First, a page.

Yeung F, Chung E, Guess MG, Bell ML, Leinwand LA. Myh7b/miR-499 gene expression is transcriptionally regulated by MRFs and Eos. Nucleic Acids Res. 2012;40:7303–18.
Sharma M, Juvvuna PK, Kukreti H, McFarlene C. Mega roles of microRNAs in regulation of skeletal muscle health and disease. Front Physiol. 2014;5:239.
Pandorf CE, Jiang W, Qin AX, Bodell PW, Baldwin KM, Haddad F. Regulation of an antisense RNA with transition of neonatal to IIb myosin heavy chain during postnatal development and hypothyroidism in rat skeletal muscle. Am J Physiol Regul Integr Comp Physiol. 2012;302:R854–67.
Wu W, Ren Z, Zhang L, Liu Y, Li H, Xiong Y. Overexpression of Six1 gene supresses proliferation and enhances expression of fast-type muscle genes in C2C12 myoblasts. Mol Cell Biochem. 2013;380:23–32.
Russell SD, Cambon N, Nadal-Ginard B, Whalen RG. Thyroid hormone induces a nerve-independent precocious expression of fast myosin heavy chain mRNA in rat hindlimb skeletal muscle. J Biol Chem. 1988;263:6370–4.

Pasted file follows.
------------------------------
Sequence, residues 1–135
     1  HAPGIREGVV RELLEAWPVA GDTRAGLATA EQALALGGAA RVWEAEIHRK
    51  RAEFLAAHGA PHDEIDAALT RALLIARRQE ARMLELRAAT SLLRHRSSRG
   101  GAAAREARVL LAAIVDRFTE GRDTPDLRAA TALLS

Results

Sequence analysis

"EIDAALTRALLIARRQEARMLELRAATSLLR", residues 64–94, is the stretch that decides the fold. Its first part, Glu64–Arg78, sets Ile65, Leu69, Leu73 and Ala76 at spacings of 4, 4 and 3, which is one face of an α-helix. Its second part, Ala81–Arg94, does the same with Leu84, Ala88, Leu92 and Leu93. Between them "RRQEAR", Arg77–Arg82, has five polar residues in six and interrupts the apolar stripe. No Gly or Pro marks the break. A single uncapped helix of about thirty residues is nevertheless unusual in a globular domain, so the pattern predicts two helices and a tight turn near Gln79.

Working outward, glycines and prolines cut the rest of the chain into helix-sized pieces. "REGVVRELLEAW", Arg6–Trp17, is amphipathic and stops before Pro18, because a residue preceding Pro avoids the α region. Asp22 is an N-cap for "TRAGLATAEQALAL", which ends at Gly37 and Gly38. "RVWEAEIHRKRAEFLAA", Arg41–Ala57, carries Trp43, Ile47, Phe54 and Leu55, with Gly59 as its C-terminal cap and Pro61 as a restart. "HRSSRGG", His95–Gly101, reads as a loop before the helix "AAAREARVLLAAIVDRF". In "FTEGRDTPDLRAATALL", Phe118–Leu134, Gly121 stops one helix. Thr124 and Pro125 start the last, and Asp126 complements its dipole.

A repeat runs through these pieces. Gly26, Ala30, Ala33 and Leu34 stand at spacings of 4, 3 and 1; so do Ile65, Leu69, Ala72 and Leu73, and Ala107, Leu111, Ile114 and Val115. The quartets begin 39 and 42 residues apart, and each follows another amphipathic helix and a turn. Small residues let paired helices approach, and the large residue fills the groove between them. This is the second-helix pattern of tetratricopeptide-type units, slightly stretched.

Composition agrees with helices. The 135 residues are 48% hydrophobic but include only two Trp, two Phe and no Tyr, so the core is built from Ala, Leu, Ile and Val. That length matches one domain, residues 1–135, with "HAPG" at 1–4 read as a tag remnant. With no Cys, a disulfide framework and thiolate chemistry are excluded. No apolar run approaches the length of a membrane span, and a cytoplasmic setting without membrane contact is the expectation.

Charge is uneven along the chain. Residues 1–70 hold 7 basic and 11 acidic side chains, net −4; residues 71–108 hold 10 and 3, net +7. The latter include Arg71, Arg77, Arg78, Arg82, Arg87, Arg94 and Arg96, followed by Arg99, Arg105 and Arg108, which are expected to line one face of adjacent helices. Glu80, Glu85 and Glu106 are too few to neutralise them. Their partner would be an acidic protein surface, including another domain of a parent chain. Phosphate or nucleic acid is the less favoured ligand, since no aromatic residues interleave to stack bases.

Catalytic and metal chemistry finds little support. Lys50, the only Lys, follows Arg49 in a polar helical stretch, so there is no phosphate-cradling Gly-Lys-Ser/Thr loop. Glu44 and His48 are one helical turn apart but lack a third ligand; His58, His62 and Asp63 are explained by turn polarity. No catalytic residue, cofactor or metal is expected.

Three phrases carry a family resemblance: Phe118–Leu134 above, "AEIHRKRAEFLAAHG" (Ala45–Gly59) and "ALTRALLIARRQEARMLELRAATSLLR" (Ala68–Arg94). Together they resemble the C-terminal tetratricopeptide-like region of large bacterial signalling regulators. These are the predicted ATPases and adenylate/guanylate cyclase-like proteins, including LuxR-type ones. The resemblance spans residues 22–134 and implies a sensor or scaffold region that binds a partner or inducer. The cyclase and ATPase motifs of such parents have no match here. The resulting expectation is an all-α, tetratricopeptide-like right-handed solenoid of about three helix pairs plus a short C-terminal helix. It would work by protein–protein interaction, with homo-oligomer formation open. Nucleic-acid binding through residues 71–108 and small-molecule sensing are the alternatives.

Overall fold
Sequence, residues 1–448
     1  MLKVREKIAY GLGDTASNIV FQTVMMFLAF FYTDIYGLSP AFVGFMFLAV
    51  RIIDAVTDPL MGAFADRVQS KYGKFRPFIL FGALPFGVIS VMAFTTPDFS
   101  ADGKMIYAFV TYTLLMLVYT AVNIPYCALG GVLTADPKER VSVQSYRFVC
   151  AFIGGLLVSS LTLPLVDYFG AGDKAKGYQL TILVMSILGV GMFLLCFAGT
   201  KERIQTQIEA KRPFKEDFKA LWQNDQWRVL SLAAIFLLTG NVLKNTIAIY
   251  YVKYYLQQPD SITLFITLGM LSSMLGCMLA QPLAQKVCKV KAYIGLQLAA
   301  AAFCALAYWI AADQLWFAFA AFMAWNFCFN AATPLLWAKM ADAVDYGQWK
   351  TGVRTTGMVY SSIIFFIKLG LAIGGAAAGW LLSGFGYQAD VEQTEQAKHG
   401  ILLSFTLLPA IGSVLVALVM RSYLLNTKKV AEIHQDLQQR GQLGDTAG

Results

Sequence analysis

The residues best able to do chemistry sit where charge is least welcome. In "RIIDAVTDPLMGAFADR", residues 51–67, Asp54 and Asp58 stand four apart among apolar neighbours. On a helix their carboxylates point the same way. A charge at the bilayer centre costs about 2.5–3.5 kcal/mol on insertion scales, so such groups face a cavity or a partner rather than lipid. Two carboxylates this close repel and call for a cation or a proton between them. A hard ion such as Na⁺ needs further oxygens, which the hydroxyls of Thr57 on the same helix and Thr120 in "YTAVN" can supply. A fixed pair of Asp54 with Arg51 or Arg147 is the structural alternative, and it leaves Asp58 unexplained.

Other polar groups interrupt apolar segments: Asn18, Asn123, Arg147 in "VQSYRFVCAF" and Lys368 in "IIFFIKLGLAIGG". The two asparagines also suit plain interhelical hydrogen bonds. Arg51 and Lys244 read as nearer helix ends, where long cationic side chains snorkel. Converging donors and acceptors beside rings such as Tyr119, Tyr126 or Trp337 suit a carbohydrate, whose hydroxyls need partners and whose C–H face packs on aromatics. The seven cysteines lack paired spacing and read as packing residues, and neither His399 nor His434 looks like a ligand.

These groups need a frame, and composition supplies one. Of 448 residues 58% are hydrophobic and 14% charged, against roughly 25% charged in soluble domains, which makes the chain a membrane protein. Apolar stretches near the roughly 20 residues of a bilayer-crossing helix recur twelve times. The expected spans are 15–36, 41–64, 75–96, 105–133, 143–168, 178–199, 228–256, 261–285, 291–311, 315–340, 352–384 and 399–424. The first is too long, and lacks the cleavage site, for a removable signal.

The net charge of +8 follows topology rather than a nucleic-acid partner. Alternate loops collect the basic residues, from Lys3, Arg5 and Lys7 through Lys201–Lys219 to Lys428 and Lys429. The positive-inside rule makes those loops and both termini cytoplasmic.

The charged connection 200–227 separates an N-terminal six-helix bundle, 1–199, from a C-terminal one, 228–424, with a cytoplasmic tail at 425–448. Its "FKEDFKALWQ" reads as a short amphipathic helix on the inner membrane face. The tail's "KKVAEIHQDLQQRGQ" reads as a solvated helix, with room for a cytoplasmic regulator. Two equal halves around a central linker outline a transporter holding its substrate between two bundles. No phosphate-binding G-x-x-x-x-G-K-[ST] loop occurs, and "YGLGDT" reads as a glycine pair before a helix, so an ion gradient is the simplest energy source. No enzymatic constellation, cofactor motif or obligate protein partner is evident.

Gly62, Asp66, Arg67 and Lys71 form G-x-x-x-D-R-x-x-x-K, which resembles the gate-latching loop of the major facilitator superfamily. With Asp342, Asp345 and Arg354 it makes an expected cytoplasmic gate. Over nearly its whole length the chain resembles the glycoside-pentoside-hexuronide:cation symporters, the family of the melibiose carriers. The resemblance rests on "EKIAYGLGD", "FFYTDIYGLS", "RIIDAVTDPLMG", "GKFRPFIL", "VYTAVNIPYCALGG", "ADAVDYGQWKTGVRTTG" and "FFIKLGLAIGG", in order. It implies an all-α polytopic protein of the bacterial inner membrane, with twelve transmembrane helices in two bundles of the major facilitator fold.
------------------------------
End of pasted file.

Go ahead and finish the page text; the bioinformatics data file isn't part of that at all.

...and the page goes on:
SS was supported by a PhD studentship jointly funded by University of Nottingham and Zoetis Inc. LG was supported by a Biotechnology and Biological Sciences Research Council-Zoetis CASE PhD studentship. We thank Zoe Redshaw and Paul Loughna for assistance in Pax immunocytochemistry and primary myoblasts isolation.
The authors declare no competing interests. Zoetis Inc. part funded the studentships of SS and LG.
KCC and SS conceived and initiated the project. KCC and SVK supervised, designed and technically assisted SS and LG who jointly conducted all the experiments. All authors contributed to the writing and proof reading of the manuscript and approved its submission.
4 day differentiation LD.avi. Contracting myotubes in DM1 at 4 day differentiation. (AVI 6059 kb)
8 day differentiation LD.mp4. Contracting myotubes in DM2 at 8 day differentiation. (MP4 56597 kb)
9 day differentiation LD.avi. Contracting myotubes in DM2 at 9 day differentiation. (AVI 182623 kb)
27 day differentiation LD.mp4. Contracting myotubes in DM1 at 27 day differentiation. (MP4 3834 kb)
60 day differentiation LD.wmv. Contracting myotubes in DM1 at 60 day differentiation. (WMV 2609 kb)
About this article
Cite this article
Sebastian, S., Goulding, L., Kuchipudi, S.V. et al. Extended 2D myotube culture recapitulates postnatal fibre type plasticity. BMC Cell Biol 16, 23 (2015). https://doi.org/10.1186/s12860-015-0069-1